B.S., University of Oregon, 2004. Ph.D., University of California, Berkeley, 2008 (Robert G. Bergman and Kenneth N. Raymond). Postdoctoral: Massachusetts Institute of Technology, 2008-11 (Stephen J. Lippard).
Honors and Awards: Barry M. Goldwater Scholar, 2003-04; NSF Graduate Research Fellow, 2004-07; ACS Young Investigator Award, 2008; NIH National Research Service Award, 2008-10; NIH Pathway to Independence Award, 2010-14; NSF CAREER Award 2015; Sloan Fellow, 2015; Camille Dreyfus Teacher Scholar, 2016; UO Oustanding Early Career Award, 2016. At Oregon since 2011.
Research in the Pluth research group is thematically based on different aspects of molecular recognition at the interface of bioorganic and bioinorganic chemistry. Our group uses synthetic organic and inorganic chemistry, coupled with spectroscopic investigations, to investigate three main research areas:
Methods of Detection, Delivery, and Quantification of Biological Hydrogen Sulfide
Hydrogen sulfide (H2S), historically known for its unpleasant rotten-egg smell, is now accepted as an important physiological mediator and signaling agent, joining CO and NO as an endogenous gasotransmitter. Despite its recent emergence as an important biological molecule, investigations have already revealed important physiological and pathological functions of H2S including roles in diabetes, hypertension, heart failure, inflammation, and neurodegeneration. As the complex biochemical functions of H2S continue to rapidly emerge, the development, refinement, and application of robust, reliable and purpose-inspired chemical tools for studying its multifaceted roles are paramount. Aligned with this need, our group is developing new chemical tools to detect and modulate biological H2S. Such tools include fluorescent, chemiluminescent, and colorimetric methods for H2S detection and quantification as well as slow-releasing H2S donors modulated by biological stimuli. Drawing parallels to the positive impacts of chemical tools for detection, quantification, and delivery of biological NO, we anticipate that these newly-developed chemical tools will enable new investigations into the multifaceted roles H2S in biology.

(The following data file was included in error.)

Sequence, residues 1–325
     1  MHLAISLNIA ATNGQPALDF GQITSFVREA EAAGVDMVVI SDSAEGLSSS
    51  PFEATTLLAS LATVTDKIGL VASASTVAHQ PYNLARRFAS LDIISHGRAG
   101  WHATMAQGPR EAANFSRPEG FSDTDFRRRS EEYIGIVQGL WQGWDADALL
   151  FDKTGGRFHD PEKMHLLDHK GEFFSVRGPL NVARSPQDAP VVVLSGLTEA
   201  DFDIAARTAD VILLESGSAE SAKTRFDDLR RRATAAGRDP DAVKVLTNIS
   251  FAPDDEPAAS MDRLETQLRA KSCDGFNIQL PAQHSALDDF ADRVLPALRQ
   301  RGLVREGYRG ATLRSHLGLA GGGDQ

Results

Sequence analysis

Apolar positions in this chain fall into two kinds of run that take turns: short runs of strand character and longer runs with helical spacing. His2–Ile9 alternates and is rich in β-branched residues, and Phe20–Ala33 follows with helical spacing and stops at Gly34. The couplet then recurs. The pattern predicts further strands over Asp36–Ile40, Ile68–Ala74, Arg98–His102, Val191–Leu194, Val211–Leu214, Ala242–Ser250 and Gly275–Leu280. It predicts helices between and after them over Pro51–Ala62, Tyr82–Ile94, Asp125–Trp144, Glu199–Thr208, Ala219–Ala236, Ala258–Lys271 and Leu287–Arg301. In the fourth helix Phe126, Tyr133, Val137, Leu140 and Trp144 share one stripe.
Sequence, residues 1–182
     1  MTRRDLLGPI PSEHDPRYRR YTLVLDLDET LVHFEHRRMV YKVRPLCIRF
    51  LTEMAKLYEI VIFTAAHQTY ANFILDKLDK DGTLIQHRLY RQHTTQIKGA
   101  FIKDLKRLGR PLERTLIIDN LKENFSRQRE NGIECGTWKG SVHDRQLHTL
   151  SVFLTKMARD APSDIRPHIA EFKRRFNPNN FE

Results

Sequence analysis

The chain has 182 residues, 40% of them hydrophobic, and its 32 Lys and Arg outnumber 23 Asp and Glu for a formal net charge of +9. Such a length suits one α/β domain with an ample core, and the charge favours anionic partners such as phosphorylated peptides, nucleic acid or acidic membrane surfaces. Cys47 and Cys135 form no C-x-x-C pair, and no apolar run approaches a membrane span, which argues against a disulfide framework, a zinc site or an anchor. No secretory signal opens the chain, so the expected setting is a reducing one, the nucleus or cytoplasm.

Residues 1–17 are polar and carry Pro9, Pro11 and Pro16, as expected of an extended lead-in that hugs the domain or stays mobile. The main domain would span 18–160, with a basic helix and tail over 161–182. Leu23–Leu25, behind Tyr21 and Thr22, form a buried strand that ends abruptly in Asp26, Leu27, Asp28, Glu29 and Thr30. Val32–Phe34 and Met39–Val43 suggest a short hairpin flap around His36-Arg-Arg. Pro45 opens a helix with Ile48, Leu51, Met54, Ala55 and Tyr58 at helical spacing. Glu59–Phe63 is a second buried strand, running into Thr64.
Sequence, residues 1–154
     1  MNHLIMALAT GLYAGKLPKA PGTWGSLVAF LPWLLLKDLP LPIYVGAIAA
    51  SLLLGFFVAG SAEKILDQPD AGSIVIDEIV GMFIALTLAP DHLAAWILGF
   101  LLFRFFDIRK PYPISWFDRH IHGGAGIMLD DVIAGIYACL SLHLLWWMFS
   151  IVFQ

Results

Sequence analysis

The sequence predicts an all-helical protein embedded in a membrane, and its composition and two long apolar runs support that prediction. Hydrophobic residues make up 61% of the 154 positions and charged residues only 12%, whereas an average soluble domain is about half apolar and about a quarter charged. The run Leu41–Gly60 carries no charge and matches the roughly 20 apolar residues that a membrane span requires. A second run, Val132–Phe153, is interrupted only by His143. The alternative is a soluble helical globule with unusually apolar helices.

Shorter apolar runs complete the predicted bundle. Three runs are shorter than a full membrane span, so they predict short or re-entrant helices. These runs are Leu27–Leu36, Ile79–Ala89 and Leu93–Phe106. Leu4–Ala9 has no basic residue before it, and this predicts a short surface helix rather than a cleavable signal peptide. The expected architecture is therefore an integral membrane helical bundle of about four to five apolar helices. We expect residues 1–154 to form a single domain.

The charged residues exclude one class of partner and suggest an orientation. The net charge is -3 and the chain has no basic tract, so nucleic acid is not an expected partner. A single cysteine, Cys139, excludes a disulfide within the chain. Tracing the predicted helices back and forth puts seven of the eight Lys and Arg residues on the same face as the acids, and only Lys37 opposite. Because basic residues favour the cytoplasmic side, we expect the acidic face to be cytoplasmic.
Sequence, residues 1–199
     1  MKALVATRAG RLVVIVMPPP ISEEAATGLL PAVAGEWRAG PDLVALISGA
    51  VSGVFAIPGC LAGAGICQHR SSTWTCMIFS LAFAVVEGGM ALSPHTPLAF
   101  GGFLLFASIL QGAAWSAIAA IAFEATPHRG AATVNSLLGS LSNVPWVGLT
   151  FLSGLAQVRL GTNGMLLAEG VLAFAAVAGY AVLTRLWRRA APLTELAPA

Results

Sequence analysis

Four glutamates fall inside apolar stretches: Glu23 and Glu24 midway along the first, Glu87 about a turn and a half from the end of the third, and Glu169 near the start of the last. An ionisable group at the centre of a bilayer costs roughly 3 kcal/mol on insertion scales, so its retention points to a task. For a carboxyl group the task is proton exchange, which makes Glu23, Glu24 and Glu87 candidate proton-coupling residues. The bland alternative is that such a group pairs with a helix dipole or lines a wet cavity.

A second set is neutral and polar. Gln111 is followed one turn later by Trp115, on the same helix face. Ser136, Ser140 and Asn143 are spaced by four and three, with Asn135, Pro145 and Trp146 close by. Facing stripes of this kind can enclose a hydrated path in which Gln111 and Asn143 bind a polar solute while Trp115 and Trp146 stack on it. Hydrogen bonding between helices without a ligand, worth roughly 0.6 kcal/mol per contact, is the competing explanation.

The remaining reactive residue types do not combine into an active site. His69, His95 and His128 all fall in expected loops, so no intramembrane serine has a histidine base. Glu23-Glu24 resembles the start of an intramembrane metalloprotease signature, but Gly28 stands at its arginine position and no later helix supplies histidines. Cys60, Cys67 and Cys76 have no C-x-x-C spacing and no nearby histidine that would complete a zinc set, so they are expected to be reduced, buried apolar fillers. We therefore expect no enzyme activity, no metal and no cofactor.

Probing the Reactions of Hydrogen Sulfide with Biological Targets
Despite the important and diverse roles of biological H2S, little is known about the fundamental chemistry by which H2S exerts its action on discrete biological targets. Unlike gasotrasmitters NO and CO, the physiologically-accessible protonation states of H2S complicate its reactivity, but also allow for modulation of its water/lipid solubility, nucleophilicity, and reduction potential. Aligned with these physicochemical properties, most biological actions of H2S are proposed to occur through interaction with either bioinorganic transition-metal complexes or with sulfur-containing compounds. Despite the substantial consensus regarding the importance of these chemical pathways, significant controversy remains regarding the fundamental chemistry associated with these interactions. Motived by these unmet needs, we are investigating the mechanisms by which H2S reacts with biomimetic transition-metal and organosulfur compounds by using small-molecule systems to simplify the observed reactivity. By simplifying the molecular architectures involved in this chemistry and studying individual interactions, our long-term goal is to develop and use model systems that allow for greater understanding into the fundamental chemistry associated with the storage, translocation, and action of biological H2S.
Hybrid Metal-Ligand Hydrogen-Bonding Supramolecular Architectures